6.      The organiser of the tendering procedure shall extend the time-limits for submitting tenders in order to enable tenderers to reflect in their tenders the explanations received or the changes to the tender specifications.’

 Background to the dispute and pre-litigation procedure

19      On 23 March 2007, the Commission sent a letter of formal notice to the Republic of Poland, in which it stated that the Geological and Mining Law was contrary to Articles 2(2), 3(1) and 5(1) and (2) of Directive 94/22.

20      By letter of 23 May 2007, the Republic of Poland responded to that letter of formal notice by stating that it had implemented Directive 94/22 correctly in its national law.

21      On 31 January 2008, the Commission sent the Republic of Poland a reasoned opinion in which it reiterated all the complaints set out in the letter of formal notice.

22      By letter of 20 March 2008, the Republic of Poland, without calling into question the well-foundedness of the complaints set out in the reasoned opinion, asked for the infringement proceedings to be closed, stating that legislative work for drafting a new Geological and Mining Law had allowed the ‘infringements to be eliminated’ and ‘the provisions giving rise to doubts on the part of the Commission’ to be removed. The Republic of Poland further informed the Commission that it would provide it with a timetable for that draft legislation by the end of June 2008.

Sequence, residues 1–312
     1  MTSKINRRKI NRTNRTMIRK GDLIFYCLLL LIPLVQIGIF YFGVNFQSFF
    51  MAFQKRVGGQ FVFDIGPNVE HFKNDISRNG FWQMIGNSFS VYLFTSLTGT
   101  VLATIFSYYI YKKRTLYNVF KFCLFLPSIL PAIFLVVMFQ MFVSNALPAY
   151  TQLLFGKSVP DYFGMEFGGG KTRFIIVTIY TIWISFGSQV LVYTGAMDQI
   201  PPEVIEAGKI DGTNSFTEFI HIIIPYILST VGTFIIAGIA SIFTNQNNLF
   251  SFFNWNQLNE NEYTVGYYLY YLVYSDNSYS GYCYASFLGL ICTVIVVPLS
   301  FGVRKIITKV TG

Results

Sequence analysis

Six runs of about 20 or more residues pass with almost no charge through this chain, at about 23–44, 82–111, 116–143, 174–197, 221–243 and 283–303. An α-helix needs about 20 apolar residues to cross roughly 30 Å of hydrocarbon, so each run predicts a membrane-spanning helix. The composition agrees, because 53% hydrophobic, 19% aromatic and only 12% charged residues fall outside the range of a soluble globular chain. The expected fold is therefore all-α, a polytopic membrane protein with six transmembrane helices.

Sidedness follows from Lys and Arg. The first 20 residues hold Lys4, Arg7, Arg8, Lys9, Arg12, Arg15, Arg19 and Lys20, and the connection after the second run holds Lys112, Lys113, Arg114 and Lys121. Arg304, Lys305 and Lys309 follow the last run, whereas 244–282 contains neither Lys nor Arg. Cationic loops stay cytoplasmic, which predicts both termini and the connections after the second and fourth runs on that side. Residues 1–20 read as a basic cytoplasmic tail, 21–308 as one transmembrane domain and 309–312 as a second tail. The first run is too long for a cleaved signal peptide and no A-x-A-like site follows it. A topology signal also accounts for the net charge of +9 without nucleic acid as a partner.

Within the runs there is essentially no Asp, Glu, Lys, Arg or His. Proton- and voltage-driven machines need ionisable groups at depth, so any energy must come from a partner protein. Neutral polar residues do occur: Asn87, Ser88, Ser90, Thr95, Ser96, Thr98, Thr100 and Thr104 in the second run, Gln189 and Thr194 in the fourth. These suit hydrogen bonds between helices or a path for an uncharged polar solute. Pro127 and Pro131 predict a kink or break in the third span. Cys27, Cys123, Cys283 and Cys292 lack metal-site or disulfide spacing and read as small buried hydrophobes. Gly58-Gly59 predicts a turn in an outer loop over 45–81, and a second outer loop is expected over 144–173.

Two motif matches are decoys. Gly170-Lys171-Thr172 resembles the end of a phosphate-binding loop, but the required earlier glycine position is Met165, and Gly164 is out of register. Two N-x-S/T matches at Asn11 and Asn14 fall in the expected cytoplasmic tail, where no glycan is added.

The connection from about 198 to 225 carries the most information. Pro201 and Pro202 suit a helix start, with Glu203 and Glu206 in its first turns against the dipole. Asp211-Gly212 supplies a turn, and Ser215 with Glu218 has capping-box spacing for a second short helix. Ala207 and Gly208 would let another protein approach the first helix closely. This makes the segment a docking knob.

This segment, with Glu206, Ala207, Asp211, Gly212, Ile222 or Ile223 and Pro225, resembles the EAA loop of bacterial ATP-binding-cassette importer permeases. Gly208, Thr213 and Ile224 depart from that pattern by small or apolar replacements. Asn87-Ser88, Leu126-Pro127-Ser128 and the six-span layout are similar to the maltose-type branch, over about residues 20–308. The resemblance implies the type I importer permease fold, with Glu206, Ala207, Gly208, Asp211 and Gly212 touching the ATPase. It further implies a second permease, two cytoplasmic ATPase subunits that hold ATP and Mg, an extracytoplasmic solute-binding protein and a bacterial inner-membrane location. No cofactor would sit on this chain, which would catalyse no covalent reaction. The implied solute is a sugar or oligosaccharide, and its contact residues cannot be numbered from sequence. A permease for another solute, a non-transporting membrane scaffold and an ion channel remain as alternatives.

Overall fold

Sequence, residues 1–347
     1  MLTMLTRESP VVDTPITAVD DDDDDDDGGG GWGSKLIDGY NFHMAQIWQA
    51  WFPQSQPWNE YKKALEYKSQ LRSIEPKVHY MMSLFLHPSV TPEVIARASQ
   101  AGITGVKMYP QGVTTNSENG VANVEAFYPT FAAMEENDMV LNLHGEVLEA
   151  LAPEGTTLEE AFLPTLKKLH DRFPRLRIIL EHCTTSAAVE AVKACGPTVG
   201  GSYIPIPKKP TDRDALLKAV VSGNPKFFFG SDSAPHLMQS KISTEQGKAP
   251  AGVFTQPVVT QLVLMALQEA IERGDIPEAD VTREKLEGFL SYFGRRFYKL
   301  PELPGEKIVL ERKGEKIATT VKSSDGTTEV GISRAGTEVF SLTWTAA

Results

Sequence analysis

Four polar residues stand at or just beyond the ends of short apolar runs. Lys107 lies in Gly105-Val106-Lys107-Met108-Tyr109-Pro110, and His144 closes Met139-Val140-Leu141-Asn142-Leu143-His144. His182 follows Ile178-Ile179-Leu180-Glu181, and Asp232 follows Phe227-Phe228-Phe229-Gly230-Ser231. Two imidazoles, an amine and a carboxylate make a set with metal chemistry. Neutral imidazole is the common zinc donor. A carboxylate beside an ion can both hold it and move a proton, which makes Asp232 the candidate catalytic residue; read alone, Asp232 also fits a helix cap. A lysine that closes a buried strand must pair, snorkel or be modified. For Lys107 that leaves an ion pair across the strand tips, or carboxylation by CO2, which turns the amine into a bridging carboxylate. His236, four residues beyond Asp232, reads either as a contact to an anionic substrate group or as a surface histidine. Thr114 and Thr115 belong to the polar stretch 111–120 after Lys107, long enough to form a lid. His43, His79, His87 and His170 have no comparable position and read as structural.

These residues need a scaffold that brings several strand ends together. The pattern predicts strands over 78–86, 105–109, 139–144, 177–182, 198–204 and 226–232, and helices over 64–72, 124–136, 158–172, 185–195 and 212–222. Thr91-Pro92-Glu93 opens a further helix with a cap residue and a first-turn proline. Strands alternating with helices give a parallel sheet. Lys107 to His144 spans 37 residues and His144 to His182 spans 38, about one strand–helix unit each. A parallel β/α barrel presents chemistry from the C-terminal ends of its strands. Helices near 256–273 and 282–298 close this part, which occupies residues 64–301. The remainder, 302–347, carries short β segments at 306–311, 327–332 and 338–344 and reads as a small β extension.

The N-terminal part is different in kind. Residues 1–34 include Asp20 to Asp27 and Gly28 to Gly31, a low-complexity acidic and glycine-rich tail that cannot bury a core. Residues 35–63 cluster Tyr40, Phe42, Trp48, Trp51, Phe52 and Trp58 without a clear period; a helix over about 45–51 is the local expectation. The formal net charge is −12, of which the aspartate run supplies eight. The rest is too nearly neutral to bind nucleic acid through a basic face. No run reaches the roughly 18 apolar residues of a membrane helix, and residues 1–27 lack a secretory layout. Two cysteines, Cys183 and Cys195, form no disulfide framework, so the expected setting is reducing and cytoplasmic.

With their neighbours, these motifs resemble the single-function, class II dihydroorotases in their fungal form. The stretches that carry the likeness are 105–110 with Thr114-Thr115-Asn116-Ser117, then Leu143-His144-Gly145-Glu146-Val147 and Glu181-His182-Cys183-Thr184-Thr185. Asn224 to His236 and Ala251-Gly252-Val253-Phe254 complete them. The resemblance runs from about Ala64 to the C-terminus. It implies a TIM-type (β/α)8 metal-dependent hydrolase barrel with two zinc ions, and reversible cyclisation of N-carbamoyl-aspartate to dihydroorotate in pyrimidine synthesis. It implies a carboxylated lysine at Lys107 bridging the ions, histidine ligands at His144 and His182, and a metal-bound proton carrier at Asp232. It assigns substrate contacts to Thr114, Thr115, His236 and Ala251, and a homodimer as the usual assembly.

23      By letter of 27 April 2010, the Republic of Poland informed the Commission that that draft legislation had been forwarded to the Polish Parliament on 18 November 2008 and that the Parliament had been unable to adopt it in 2009, but that it would inform the Commission once the new legislation had been adopted.

24      It is in those circumstances that the Commission brought this action.

 The action

 Admissibility

25      The Republic of Poland contends that the infringement action is inadmissible on the ground that the complaints set out in the application are not the same as the ones that had been put forward during the pre-litigation procedure.